In our study, we wanted to know how dirty linens from the hospitals and clinics impacted the laundry’s environment.

What is the evidence of contamination in a clinical laundry facility?

Karen Michael, PhD Candidate in Environmental and Occupational Hygiene in the Department of Environmental and Occupational Health Sciences, tests high-touch surfaces for three types of pathogens at an industrial hospital laundry facility in Seattle, WA.
Karen Michael tests high-touch surfaces for three types of pathogens at an industrial hospital laundry facility in Seattle, WA. Photo used with permission.

We found that 23% (25/120 samples) of sampled surfaces from the “dirty side” of the laundry facility surfaces had C. difficile contamination. The dirty side of the laundry facility is where the linens are handled prior to being washed and dried.

Only 2% (2/120 samples) of sampled surfaces from the “clean side,” or where the linens are handled after being washed, were positive for C. difficile. The two surfaces that were positive for C. difficile both came from a small area where soiled linen is handled in small batches. While the area is distinct from where clean linen is dried, ironed, and folded, it is on the same floor as the “clean side.” All of the samples that tested positive were in areas where dirty linens are handled; no C. difficile contamination was found in areas with clean laundry. This indicates that the dirty linens were the likely source of the environmental contamination in the laundry.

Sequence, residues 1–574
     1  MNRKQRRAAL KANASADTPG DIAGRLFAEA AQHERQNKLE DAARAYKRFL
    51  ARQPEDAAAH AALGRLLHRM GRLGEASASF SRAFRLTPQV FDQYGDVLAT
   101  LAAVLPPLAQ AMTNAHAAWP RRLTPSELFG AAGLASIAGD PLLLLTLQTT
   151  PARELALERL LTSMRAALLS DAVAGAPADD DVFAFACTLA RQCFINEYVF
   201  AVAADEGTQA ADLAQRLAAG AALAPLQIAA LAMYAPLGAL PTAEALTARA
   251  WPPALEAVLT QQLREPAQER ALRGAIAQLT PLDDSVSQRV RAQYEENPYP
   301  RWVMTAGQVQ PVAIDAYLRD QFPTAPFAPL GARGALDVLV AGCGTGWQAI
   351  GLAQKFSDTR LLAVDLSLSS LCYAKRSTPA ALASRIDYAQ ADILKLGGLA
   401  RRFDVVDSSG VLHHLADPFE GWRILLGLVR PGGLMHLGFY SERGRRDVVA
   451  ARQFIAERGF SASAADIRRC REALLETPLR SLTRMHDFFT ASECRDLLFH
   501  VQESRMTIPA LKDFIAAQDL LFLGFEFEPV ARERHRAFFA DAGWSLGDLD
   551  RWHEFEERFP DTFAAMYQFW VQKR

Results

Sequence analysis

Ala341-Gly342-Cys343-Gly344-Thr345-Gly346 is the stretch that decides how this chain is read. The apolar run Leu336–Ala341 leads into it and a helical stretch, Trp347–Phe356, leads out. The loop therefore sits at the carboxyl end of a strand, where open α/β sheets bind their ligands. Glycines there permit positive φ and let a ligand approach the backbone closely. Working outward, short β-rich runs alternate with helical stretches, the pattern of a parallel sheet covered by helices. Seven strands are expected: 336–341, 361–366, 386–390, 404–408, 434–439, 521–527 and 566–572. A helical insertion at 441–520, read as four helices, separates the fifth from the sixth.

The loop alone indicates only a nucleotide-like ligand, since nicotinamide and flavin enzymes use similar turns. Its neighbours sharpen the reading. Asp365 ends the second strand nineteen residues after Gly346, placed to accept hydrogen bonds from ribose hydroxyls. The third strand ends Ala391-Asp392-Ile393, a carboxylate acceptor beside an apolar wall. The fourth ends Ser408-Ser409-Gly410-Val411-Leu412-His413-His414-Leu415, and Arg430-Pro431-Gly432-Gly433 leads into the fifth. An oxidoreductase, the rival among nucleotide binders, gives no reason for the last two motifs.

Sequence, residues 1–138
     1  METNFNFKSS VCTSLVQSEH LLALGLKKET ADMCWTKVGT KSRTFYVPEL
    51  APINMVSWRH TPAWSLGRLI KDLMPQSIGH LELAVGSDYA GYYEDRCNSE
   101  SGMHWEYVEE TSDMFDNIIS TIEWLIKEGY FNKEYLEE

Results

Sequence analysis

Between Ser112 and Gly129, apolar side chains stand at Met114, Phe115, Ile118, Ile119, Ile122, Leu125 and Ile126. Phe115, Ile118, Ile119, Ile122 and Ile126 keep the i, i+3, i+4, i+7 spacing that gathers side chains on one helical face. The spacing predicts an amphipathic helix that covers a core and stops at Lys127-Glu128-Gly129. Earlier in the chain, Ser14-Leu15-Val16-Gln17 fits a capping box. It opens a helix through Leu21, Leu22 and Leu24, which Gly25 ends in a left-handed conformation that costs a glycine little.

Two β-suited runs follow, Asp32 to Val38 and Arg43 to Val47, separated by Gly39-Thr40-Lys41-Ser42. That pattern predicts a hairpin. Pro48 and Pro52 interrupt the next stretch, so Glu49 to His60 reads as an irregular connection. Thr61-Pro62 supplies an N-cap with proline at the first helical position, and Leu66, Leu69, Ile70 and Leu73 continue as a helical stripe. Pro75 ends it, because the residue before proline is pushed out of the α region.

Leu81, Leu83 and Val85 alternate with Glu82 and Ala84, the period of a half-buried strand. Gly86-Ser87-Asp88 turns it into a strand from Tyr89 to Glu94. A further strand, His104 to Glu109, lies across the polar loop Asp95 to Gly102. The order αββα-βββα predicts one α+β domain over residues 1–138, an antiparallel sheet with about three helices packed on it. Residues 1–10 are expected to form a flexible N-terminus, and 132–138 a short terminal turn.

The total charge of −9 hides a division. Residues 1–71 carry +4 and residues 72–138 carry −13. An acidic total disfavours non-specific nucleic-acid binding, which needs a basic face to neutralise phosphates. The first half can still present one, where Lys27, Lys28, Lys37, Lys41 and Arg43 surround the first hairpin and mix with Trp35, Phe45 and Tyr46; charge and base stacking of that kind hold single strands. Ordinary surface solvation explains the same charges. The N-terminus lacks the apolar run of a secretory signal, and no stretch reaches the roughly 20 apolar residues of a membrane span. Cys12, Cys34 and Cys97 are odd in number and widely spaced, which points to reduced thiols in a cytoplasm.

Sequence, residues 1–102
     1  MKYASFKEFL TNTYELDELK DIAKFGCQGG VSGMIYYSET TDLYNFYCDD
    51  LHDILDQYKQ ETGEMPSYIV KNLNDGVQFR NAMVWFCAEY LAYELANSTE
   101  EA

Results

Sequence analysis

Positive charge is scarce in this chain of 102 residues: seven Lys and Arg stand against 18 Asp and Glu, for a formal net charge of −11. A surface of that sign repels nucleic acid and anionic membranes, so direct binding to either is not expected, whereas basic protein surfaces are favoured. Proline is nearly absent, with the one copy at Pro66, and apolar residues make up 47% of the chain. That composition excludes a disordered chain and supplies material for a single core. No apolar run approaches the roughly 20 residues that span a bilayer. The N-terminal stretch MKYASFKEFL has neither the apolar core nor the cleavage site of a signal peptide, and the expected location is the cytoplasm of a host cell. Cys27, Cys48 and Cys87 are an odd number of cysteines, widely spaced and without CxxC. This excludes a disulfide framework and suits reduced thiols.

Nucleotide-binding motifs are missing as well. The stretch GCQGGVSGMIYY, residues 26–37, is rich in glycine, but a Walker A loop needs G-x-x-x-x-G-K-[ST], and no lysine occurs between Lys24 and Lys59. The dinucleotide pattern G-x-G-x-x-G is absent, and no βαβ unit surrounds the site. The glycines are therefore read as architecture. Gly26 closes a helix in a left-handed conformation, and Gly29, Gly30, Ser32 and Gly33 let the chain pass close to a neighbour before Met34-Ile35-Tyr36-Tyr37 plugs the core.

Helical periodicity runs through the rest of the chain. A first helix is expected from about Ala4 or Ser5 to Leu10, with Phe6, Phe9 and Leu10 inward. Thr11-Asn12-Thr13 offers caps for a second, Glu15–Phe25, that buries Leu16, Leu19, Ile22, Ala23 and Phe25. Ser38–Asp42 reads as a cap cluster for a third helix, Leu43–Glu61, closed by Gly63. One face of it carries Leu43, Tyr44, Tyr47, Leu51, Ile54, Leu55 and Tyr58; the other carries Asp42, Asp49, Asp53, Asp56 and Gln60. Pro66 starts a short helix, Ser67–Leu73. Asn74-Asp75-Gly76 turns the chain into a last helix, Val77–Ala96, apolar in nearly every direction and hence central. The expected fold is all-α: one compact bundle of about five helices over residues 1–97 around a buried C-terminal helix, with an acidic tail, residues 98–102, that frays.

Based on this study, what is the take-home message?

The environment is an important source and reservoir of pathogenic bacteria like C. difficile. The C. difficile we found on the surfaces of the laundry facility likely came from dirty linens. The environment should be considered in infection control and environmental hygiene.

Featured image credit: Hospital corridor by cezjaw. CC0 Public Domain via Pixabay.

Recent Comments

  1. Mary

    Very informative. How is it killed?